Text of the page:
(This is a weird grouping, but with Shaw’s eligiblity at first base or second base, it comes down to two of these three.) It is impossible for me to be fully rational about Dan Vogelbach, but I will for a moment entertain the argument that the young masher has just had the two weeks of his lifetime, and we should be getting the off-brand Lucas Duda that we expected any day now. Perhaps, but in an OBP league such as this one, I’m happy with Vogelbach’s floor, particularly with a seven-day week populated entirely by right-handed opposing pitchers. Shaw has been a slow starter, but he slashed .253/.363/.502 at Miller Park last year, and I’m betting that a week at home powers up his limp-noodle bat a bit. Wong, conversely, had an insanely hot start but has cooled considerably of late. Even his three games in Milwaukee (where he torched the Brewers in the opening series, going 8-for-15 with two bombs) are not quite enough to move him past Shaw in my weekly confidence meter.
Verdict: Start Vogelbach and Shaw
Finally, a pitching decision to round out this week’s deliberations. Mahle and Gray come in with two-start weeks, though risky ones at best: Mahle visits the Dodgers and Padres, while Gray begins with a San Diego turn before facing the Phillies at home. Even though I ranked both just outside 15-team consideration in this week’s Planner, it’s hard to leave two double-start options on the table. Between the two, I’ll lean Gray, even with the Coors start. For one, DRA counsels me that, well, Gray is a better pitcher than Mahle, even with the latter displaying some improvement this year. And, two, Mahle’s trip to Chavez Ravine to face a scorching Dodgers lineup is hardly less hazardous than a trip to the Mile High City. And, three, the forecast for Sunday in Denver is cool and wet, which gives me just enough nudge to feel OK with the Gray Wolf this week.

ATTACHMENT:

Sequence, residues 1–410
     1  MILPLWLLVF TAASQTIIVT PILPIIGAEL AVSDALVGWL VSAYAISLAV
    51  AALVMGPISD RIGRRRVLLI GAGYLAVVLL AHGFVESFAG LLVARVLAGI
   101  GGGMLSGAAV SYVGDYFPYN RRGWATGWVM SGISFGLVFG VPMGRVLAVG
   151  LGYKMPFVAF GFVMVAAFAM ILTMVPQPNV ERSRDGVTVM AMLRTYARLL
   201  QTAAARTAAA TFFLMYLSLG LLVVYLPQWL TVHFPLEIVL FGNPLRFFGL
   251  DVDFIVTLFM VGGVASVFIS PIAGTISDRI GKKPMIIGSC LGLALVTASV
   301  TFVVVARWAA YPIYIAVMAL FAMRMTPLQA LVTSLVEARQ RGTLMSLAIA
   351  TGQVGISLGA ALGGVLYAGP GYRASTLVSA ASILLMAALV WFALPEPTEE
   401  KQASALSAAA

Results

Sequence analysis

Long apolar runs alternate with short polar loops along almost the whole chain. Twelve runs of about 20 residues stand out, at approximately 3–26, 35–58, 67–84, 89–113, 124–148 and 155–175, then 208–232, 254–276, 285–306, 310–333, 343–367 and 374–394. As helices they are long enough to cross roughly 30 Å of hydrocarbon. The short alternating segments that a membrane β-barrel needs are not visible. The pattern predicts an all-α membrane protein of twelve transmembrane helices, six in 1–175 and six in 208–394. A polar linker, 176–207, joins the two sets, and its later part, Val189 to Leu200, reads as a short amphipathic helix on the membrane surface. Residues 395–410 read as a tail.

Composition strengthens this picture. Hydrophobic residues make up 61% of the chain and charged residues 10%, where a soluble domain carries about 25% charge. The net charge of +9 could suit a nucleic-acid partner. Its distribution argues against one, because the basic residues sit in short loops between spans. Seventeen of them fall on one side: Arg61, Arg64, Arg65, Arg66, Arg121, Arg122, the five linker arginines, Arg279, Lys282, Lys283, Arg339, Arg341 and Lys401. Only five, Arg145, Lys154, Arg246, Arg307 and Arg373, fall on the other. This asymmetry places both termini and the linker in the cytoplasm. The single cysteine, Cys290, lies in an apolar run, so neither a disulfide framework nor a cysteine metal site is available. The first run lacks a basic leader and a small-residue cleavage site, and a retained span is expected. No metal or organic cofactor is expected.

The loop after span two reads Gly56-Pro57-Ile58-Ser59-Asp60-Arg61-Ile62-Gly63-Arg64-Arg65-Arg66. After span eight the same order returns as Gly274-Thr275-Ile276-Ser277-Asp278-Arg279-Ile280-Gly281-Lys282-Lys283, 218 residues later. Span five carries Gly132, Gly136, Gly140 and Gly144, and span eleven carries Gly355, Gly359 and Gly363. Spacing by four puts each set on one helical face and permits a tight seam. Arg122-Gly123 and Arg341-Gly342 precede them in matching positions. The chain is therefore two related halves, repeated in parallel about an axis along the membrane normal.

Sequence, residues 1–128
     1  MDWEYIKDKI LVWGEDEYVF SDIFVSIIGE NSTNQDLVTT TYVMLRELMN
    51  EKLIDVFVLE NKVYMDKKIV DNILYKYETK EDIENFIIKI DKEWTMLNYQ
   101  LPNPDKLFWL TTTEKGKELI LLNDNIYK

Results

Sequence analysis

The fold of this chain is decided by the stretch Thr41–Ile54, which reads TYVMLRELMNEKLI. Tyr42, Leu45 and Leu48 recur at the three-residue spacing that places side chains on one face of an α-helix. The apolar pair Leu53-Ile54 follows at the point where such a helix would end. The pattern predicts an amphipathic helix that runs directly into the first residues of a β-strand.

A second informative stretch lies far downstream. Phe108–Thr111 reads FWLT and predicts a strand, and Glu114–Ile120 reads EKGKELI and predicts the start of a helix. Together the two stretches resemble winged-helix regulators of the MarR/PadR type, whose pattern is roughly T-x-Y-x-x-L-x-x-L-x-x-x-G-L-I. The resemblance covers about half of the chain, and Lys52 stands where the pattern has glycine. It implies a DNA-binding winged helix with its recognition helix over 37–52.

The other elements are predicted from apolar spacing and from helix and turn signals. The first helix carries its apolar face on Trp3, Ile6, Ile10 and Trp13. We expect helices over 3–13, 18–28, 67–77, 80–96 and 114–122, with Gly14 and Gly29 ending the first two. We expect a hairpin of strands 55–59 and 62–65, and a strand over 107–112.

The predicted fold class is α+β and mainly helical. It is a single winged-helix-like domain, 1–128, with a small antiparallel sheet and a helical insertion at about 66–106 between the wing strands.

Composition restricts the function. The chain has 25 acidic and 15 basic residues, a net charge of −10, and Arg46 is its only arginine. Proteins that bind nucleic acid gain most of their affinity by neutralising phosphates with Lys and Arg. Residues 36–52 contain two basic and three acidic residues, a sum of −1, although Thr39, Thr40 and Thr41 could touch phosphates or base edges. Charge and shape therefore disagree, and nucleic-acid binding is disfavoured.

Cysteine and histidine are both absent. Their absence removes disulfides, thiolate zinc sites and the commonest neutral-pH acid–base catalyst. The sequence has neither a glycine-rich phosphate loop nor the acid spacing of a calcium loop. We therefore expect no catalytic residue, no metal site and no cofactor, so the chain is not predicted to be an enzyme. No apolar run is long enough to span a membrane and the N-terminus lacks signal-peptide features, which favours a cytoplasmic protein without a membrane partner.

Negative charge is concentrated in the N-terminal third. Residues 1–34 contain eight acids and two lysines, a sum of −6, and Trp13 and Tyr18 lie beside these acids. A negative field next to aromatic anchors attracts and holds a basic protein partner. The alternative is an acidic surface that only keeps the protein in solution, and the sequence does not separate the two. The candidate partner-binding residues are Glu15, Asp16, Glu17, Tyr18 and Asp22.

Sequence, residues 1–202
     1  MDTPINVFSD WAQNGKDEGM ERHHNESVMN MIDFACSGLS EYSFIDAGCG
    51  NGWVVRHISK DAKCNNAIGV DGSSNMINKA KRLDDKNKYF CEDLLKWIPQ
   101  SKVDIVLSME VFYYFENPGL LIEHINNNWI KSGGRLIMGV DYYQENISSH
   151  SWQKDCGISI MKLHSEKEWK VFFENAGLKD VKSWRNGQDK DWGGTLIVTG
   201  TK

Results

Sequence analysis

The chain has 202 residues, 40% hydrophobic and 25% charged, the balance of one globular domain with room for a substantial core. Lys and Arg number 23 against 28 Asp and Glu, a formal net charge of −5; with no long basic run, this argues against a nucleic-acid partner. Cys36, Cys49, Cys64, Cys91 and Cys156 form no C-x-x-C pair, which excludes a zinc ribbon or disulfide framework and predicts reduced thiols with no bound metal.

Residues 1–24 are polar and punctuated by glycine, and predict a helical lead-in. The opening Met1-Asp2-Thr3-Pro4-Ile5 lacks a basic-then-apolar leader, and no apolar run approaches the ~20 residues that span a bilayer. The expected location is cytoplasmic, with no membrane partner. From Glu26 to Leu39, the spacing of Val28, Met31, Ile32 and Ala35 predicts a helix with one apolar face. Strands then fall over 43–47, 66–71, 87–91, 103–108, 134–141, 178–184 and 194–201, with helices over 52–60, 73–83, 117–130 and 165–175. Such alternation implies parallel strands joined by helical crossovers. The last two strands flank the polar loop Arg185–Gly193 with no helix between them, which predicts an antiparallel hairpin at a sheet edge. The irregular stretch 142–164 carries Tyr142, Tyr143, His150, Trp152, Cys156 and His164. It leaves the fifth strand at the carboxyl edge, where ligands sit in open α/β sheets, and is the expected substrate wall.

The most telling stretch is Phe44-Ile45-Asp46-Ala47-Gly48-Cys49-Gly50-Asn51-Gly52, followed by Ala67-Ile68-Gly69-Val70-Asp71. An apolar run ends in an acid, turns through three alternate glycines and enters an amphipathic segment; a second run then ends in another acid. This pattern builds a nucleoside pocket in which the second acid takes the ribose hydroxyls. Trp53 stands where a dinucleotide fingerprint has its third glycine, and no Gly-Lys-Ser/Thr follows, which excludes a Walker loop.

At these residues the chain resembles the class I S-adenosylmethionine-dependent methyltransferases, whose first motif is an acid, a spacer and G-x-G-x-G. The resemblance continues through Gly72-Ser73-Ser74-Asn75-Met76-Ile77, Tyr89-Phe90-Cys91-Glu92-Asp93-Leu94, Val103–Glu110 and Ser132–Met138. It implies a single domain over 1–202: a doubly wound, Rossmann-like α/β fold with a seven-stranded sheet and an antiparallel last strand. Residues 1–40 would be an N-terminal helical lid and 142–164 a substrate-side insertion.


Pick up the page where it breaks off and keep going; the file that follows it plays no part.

But what of Yarbrough and Strahm? Strahm has been better in his outings since his disastrous season debut at home versus the Diamondbacks. But the outings have looked shaky to me—two five-inning jobs with only six strikeouts in those 10 IP. Yarbrough will probably come in for a stint of two-to-four innings, but this will most likely be against the Orioles, and the Rays have been scoring early and often—meaning, no matter the inning count, Yarbrough sets up nicely for an easy win.
Verdict: Start Gray and Yarbrough
I’ve lifted the lid on some of my process for difficult lineup decisions in a draft-and-hold league—I can’t claim that I’ve been 100-percent rational, but if we’re being honest, nearly every “rational” decision—in fantasy baseball and in life—is flavored with a dash of raw intuition. Would we want it any other way?